Fall Peace Teach-In Focuses on Identifying Differences in Cultures

Students construct symbolic wall outside the Arts and Science building. Photo from Anthony Kurt.

Theresa Marten, Religion Editor

Shane Gustafson, Contributor

Lewis University’s Peace Education Committee hosted a series of events on campus last week, focused on understanding differences in various cultures.

The two-day teach-in series consisted of five lectures, each aimed at helping students identify and deal with cultural differences, to create peace in the world.

“There are many walls in our human communities, both physical and metaphorical, and if we are to be builders of peace, we need to work toward dismantling those walls and growing just and compassionate communities,” said Dr. Christine Billups, theology professor and member of the Peace Education Committee.

One of the week’s popular lectures called “Walls that Divide Us” taught students about the differences in higher education. Lewis students had the chance to talk with students at Bethlehem University via Skype.

Bethlehem University is a Catholic Christian institution founded in 1973 in the Lasallian tradition, open to students of all faith traditions. Bethlehem University, the first university established in the West Bank, and can trace its roots to 1893 when the De La Salle Christian Brothers opened schools in the Middle East. The Skype session allowed for students to hear what it is like to live under occupation as well as daily life in Palestine. Students were able to ask questions about the current situation unfolding near the area.

“It was extremely humbling to Skype with Palestinian students at Bethlehem University and talk to them about their life. It was an amazing experience,” said sophomore Taylor Cochran.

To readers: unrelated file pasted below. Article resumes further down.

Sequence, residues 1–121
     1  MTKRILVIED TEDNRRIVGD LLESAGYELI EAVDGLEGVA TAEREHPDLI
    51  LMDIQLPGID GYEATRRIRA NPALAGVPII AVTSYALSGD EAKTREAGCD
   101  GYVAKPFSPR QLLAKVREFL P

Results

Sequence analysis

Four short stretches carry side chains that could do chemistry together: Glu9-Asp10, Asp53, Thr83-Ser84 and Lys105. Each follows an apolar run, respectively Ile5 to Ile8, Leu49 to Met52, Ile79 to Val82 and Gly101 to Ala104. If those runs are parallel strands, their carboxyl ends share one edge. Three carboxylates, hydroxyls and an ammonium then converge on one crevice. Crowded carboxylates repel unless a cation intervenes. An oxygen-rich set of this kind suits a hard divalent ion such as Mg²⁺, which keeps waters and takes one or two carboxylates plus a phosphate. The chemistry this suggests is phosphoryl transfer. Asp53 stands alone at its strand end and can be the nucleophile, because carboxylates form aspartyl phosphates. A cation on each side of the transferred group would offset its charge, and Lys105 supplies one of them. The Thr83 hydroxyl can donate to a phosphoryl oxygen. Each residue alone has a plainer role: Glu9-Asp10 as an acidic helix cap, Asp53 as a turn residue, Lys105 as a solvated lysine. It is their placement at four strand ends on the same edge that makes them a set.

Another lecture was  “A Tale of Two Walls – Palestine/Israel and Mexico/U.S.” presented by Dr. Frank Rose, professor of finance, Iyad Rock, Bethlehem University alumnus, and Jennifer Buntin, assistant professor of sociology. They examined walls that have been erected in two diverse parts of the world, Israel/Palestine and U.S./Mexico.

Inspired by the walls, the movie “The Other Son” was shown by the CRS Ambassadors to discuss life in Israel/Palestine. The movie is a tale of two college students- one Palestinian and one Israeli, who were switched at birth. In response to the wall between the United States and Mexico is the fourth lecture, “Bearing Witness to Lives on the Border.” In this presentation, Cecilia Arias, a student in political science and sociology, and Dr. Tennille Allen, chair of the sociology department, shared insight into the  finding out whether one will be permitted to stay in the United States, and lives physically on the border between Mexico and the United States. The lecture finished with suggestions for how the Lewis University community can work to help be a part of the solution for a more humane and just immigration system

Lewis students were then able to physically participate in building two walls.  Michael Harris, senior Print Journalism major, helped construct the walls.

“We painted walls to resemble the West Bank walls dividing Israel and Palestine” said Harris. “The next day the walls were taken down to be a symbol of how we have to take our metaphorical walls down they separate us from others. The walls also resembled the Mexican- United States border. We must be strong and fight together to break down these walls, we must be aware of what happens to those around us.”

As students drove onto campus or walked near the Arts and Science building, they were reminded of the reality many people are living right now. On Friday, Sept. 12 Billups and Dr. James Burke, associate professor of theology, held a symbolic nonviolent deconstruction of the wall created by students on the Campus Green. This ceremony echoed the tearing down of the Berlin Wall in November 1989.

This year’s lecture series, called “Responding to Violent Times,” has a major focus on cultural misunderstanding, leading to violence. Throughout the past ten years, the Peace Education Committee has focused on other topics, such as restorative justice and healthcare. The Peace Education Committee will host another series of lectures in October, which will focus on the views of rape in the American culture.

Through the wide range of topics the Peace Education Committee brings to light, the consistent call for peace in this world does not waver no matter what the injustice may be.

 

 

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